Your heart was proud because of your beauty;
    you corrupted your wisdom for the sake of your splendor.
I cast you to the ground;
    I exposed you before kings,
    to feast their eyes on you.
By the multitude of your iniquities,
    in the unrighteousness of your trade,
    you profaned your sanctuaries.
So I brought out fire from within you;
    it consumed you,
and I turned you to ashes on the earth
    in the sight of all who saw you.
All who know you among the peoples
    are appalled at you;
you have come to a dreadful end
    and shall be no more forever.   (Ezekiel 28:17-19)

There is no shame in asking God for forgiveness. On the other hand, there can be no pride in repentance.

 

 

 

Track 2: Spiritual Sight

Jeremiah 31:7-9
Psalm 126
Hebrews 7:23-28
Mark 10:46-52

We know that Jesus in his earthly ministry healed the sick, cast out demons, and raised the dead. Nonetheless, he did not perform such ministries for everyone he met. How did he happen to choose a certain blind beggar for healing? From today’s Gospel we read:

Jesus and his disciples came to Jericho. As he and his disciples and a large crowd were leaving Jericho, Bartimaeus son of Timaeus, a blind beggar, was sitting by the roadside. When he heard that it was Jesus of Nazareth, he began to shout out and say, “Jesus, Son of David, have mercy on me!” Many sternly ordered him to be quiet, but he cried out even more loudly, “Son of David, have mercy on me!” Jesus stood still and said, “Call him here.” And they called the blind man, saying to him, “Take heart; get up, he is calling you.” So throwing off his cloak, he sprang up and came to Jesus. Then Jesus said to him, “What do you want me to do for you?” The blind man said to him, “My teacher, let me see again.” Jesus said to him, “Go; your faith has made you well.” Immediately he regained his sight and followed him on the way.   (Mark 10:46-52)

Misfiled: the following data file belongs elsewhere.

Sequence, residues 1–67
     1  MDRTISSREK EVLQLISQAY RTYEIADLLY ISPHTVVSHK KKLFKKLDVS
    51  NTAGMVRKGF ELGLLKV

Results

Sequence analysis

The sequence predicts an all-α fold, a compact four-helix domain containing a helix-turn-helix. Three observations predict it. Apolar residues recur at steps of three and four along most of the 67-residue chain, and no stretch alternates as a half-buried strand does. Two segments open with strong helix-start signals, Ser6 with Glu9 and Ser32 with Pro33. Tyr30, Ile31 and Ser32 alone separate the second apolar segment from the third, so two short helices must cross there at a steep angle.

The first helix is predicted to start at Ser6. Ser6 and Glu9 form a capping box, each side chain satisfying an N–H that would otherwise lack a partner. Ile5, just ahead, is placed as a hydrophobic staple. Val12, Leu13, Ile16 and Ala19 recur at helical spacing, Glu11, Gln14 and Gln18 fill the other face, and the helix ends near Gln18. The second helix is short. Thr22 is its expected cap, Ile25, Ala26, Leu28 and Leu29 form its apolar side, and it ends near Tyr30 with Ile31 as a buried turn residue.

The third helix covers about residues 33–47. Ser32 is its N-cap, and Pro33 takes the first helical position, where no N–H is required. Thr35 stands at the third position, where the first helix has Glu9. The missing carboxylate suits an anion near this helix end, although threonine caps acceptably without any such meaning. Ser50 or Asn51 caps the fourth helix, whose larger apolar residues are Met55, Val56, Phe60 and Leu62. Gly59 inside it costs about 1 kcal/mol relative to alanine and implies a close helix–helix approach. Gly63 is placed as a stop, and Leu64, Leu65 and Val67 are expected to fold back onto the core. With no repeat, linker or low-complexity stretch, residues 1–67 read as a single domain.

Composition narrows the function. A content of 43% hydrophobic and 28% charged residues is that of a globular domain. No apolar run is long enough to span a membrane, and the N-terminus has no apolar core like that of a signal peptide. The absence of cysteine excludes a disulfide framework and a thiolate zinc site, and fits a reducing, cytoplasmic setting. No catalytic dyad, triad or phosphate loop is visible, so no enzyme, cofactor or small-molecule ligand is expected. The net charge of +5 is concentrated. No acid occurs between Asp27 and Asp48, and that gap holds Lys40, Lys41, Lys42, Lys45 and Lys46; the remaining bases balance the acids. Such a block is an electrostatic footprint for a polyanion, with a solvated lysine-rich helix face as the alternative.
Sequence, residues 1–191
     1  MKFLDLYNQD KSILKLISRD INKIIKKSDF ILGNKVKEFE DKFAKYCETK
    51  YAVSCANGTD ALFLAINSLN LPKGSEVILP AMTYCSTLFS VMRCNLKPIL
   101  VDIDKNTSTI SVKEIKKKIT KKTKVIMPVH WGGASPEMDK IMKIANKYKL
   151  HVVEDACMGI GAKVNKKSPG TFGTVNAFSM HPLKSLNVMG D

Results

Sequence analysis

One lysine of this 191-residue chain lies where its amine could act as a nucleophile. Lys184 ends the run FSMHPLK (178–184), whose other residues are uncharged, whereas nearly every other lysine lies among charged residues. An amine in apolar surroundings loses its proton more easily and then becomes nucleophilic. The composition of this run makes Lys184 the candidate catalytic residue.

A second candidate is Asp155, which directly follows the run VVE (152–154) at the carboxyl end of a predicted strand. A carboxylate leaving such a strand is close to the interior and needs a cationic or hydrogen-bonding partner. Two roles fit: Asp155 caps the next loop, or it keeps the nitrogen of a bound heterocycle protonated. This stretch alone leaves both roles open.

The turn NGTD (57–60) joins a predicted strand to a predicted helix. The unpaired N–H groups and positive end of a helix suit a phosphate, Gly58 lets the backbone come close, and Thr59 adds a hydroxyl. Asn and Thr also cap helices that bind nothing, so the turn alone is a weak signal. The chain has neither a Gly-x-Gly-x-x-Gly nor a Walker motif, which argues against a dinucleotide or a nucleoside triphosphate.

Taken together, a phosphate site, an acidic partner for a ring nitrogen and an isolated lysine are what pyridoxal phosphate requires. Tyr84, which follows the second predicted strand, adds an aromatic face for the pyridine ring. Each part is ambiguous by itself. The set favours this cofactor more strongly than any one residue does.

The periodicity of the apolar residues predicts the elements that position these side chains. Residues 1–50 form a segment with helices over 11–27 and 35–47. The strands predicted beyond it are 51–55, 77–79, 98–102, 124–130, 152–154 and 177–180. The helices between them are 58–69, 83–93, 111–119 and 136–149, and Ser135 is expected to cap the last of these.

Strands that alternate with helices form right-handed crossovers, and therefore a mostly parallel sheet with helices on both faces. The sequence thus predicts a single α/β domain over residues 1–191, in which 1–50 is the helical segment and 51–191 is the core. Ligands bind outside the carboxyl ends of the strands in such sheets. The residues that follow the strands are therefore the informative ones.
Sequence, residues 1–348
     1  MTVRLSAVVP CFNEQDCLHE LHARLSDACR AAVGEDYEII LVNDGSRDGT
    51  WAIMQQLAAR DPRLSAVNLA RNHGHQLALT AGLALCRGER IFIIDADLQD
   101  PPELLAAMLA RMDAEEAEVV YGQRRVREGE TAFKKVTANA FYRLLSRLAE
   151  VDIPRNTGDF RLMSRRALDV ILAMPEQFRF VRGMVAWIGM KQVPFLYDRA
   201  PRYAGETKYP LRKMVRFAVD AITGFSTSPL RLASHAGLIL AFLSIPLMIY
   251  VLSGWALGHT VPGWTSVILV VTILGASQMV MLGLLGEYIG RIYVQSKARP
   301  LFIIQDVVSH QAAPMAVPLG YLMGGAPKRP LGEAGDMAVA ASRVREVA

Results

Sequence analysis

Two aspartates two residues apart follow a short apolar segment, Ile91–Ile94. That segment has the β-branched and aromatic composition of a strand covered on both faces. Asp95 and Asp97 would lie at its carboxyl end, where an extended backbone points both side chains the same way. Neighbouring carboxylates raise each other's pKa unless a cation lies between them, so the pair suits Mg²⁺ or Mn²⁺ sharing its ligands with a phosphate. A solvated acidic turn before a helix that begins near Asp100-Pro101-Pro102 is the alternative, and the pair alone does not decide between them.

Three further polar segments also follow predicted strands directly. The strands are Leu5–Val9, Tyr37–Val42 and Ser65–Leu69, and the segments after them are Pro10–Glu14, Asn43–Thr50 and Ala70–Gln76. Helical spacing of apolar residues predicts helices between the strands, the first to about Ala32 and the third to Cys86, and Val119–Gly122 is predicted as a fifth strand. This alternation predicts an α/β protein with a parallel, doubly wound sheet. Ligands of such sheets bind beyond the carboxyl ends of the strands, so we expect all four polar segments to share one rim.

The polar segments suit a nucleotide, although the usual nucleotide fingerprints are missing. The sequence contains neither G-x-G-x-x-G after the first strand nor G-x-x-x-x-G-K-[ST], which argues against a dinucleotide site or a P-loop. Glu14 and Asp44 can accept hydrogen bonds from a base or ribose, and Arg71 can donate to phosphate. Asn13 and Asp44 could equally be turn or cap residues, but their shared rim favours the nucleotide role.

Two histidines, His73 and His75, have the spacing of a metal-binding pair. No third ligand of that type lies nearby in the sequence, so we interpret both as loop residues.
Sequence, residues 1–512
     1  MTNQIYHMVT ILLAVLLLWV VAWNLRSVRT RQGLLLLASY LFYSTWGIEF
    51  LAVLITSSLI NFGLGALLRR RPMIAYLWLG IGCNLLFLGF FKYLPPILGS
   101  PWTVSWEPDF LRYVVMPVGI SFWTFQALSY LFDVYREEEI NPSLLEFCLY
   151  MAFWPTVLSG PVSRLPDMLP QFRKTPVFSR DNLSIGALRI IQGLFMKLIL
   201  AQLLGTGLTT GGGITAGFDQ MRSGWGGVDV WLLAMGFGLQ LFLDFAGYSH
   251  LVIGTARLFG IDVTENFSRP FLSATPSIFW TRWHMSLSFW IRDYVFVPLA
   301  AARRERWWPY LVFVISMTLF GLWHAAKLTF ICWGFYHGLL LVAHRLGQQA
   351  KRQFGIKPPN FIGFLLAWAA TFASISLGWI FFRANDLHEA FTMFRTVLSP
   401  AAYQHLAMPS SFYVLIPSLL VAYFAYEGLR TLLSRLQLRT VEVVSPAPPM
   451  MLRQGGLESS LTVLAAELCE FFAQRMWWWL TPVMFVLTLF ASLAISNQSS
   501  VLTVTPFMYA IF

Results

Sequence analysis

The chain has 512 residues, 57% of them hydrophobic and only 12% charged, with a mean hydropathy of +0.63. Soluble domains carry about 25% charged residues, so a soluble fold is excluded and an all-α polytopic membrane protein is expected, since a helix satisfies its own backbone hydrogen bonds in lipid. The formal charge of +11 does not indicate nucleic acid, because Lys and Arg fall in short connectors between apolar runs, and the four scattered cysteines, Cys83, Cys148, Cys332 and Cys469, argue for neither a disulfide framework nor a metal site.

What was special about Bartimaeus? Bartimaeus knew who Jesus was. He cried out to Jesus, calling him “Son of David.” He knew the prophecy concerning the Messiah and he reasoned that Jesus was that Messiah. Not only that, but Bartimaeus cried out with faith and hope that Jesus would minister to him. And although he was blind, he “sprang up and came to Jesus.” He was prepared to move boldly when the opportunity presented itself. And lastly, Bartimaeus called Jesus “my teacher.”

Bartimaeus was not only interested in his physical healing, he also sought spiritual healing. Though he was blind he was able to see spiritually. He was able to see more in Jesus than many of the followers of Jesus.